The new Netflix documentary The social dilemma is – ironically – to capture a lot of traction on social media. While we need to have conversations about the long-term effects on society of apps like Instagram, Facebook and Twitter – perhaps it’s best that we have these conversations analogously. The film sheds light on the sneaky and manipulative ways in which these social media sites and apps keep us dependent – and divided. What does the haunted doc The social dilemma really reveal?
‘The Social Dilemma’, the documentary you can watch on Netflix, shares a scary version of the online experience
The social dilemma is a strong call for action, mainly aimed at Silicon Valley. Among interviews with several former executives of Facebook, Google, Instagram, Twitter and others, the disgruntled former employees reveal what is really going on behind the scenes at these giant technology companies.
For example, we do not pay for these social media apps. While it is undoubtedly practical what does it really mean?
“Advertisers are the customers,” argues Aza Raskin, the inventor of “Infinite Roll” and co-founder of the Center for Human Technology in The social dilemma. “We are the thing that sells.” The data we collect using the app is sold to other companies. The companies themselves also use this data to make us stay hooked on the app longer.
Former technology leaders review the ways in which they try to keep social media users addicted
As these former technical leaders admit in The social dilemma, it is (or was, in this case) basically their goal to make you addicted.
Jeff Seibert, former director of Twitter, says these companies not only track what image you look at, but “how long you look at it.” Tristan Harris, a former designer at Google and co-founder of a company called the Center for Humane Technology, says this means the AI behind the app knows what you like and what kind of images and videos will keep you engaged on the platform.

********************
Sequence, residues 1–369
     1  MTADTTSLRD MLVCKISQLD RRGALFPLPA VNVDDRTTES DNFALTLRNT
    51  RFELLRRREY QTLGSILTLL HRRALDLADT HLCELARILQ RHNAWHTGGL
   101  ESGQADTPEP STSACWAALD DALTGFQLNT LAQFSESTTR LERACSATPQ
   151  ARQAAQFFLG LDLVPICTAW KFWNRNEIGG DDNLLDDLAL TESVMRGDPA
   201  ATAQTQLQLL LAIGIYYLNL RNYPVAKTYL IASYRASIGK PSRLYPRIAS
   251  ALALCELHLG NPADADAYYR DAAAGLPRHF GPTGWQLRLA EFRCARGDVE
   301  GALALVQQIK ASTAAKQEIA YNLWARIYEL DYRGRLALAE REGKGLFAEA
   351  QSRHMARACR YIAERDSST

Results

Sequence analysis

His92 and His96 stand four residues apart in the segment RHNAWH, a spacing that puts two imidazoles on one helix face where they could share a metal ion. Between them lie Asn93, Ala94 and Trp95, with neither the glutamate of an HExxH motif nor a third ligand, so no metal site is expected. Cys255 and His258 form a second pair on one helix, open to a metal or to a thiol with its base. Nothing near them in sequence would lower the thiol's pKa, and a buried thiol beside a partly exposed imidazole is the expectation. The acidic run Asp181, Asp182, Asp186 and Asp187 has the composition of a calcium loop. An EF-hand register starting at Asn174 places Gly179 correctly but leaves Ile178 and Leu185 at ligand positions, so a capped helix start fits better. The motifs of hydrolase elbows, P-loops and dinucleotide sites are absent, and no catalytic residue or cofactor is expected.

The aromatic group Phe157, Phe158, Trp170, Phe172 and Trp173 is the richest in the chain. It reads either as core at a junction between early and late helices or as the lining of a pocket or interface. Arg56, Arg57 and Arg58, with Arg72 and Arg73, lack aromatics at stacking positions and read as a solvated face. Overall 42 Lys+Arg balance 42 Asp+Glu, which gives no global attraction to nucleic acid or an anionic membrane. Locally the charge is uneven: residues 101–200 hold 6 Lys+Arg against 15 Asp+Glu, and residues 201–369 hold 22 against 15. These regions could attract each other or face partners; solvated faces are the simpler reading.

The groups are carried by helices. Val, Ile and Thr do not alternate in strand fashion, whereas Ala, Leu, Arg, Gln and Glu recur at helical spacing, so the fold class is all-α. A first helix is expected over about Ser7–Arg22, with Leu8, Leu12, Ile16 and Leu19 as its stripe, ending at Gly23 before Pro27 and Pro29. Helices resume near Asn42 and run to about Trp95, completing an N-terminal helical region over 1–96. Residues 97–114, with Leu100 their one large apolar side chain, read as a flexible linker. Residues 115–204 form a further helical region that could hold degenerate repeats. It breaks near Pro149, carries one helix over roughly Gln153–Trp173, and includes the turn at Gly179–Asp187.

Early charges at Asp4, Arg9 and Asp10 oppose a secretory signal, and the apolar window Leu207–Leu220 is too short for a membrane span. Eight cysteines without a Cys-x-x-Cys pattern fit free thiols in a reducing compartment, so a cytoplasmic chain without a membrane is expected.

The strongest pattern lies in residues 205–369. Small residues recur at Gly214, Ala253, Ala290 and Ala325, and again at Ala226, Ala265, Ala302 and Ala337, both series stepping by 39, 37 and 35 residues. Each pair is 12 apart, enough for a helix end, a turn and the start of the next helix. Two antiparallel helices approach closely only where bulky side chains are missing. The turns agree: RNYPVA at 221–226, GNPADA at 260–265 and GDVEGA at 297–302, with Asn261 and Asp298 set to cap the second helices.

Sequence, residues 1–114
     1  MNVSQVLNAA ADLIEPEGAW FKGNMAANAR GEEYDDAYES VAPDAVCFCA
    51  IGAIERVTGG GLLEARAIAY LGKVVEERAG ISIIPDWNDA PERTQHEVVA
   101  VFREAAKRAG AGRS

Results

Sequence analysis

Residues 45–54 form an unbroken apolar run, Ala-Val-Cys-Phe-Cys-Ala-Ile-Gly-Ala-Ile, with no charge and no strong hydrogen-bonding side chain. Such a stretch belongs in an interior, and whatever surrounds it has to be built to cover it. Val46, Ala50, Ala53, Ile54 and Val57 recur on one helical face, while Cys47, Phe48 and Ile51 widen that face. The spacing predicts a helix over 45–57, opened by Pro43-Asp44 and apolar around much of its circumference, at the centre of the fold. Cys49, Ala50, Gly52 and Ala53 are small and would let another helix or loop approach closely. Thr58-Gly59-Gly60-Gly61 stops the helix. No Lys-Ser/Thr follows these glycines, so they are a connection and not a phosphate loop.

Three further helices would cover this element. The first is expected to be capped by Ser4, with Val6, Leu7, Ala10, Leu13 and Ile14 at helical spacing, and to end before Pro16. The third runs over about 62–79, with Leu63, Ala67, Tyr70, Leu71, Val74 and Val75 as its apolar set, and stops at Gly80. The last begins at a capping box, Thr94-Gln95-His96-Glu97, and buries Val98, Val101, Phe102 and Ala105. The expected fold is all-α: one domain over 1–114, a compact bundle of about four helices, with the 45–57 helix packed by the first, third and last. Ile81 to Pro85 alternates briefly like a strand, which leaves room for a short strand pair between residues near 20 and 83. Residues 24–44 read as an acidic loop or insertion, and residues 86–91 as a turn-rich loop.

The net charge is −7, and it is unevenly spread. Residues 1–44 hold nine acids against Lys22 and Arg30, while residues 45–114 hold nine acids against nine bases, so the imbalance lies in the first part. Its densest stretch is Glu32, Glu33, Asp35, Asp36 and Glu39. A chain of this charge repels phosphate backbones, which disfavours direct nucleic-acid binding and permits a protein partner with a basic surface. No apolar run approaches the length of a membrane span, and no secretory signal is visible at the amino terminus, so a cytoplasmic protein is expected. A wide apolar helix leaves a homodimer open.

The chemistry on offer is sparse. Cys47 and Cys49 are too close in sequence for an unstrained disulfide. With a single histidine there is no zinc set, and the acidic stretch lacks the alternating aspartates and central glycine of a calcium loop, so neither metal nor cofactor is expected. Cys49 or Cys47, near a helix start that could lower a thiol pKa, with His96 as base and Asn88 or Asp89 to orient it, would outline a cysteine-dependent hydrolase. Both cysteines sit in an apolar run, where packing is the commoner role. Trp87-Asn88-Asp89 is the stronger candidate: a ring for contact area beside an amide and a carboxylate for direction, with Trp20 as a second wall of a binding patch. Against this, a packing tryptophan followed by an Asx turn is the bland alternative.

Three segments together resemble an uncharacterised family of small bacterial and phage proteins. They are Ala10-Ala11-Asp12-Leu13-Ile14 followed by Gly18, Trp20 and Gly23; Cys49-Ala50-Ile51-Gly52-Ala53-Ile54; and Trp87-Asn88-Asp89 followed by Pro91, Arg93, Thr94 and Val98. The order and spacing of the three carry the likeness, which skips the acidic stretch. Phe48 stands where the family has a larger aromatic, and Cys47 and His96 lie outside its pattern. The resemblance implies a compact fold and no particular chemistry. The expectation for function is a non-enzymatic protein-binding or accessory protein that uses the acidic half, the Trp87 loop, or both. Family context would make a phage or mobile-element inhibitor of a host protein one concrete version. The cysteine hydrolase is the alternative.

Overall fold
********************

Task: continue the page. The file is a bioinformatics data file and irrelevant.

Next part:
The algorithm can “predict what kind of emotions tend to trigger you” – the best way to keep you scrolling or writing.
“We will … find out how we can manipulate you as quickly as possible” – Chamath Palihapitiya, the former VP of growth at Facebook said in an interview, “and then give you that dopamine hit back.” It essentially uses the human brain against itself.
“… you are exploiting a vulnerability in human psychology,” added Sean Parker, Facebook’s former president.
‘The Social Dilemma’ claims that depression and anxiety in teenagers increase as a result of apps such as Instagram, TikTok and Twitter
As Harris points out in The social dilemma, humans evolved as a species to be social, and to care about what our “tribe” thinks – but we did not evolve to take “10,000” different opinions from around the world. That’s often what we get on apps.
Jonathan Haidt, a social psychologist from NYU’s Stern School of Business, notes the tangible, devastating effects of all these meaningful trolls.
Depression and anxiety, for example, are both way up among American teens. Self-harm among teenage girls also increased massively around 2011 – around the time when social media became widespread on mobile phones.
“We see the same pattern of suicide,” he continued.
Gen Z is the first generation to have social media on their phones in the impressive middle school age. What does this mean for the generation?
“They are much less comfortable taking risks,” Haidt argued, referring to the lower number of teenagers who go on dates and / or get their driver’s licenses.
The Netflix documentary also contains powerful quotes about our political divide
The social dilemma also points to a huge issue on social media these days: fake news. Harris quoted the haunted state that fake news travels 6 times faster on Twitter than real news.
This means that apps on social media have no incentive to tell the truth – or to show users something outside their political bubble.
Thus, they have created and solidified two separate pages that do not “trust each other” or even want to hear another page. It also leaves countries vulnerable to fake news attacks.
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“The Russians did not hack Facebook. … they used the tools that Facebook created for legitimate advertisers and legitimate users, and they used it for a malicious purpose, ”said Roger McNamee, an early investor in Facebook in the Netflix documentary.
Facebook has already been in the headlines for its influence in the US presidential election in 2016 – but the power they have over smaller countries like Myanmar has also been devastating.
“It’s like remote control war,” Harris added. “One country can manipulate another without actually invading its physical boundaries.”
Tim Kendall, a former leader at both Facebook and Pinterest, cited the thing he is most concerned about in the “shortest time horizon” like civil war.
So if you wanted to sleep tonight, we’re … so sorry.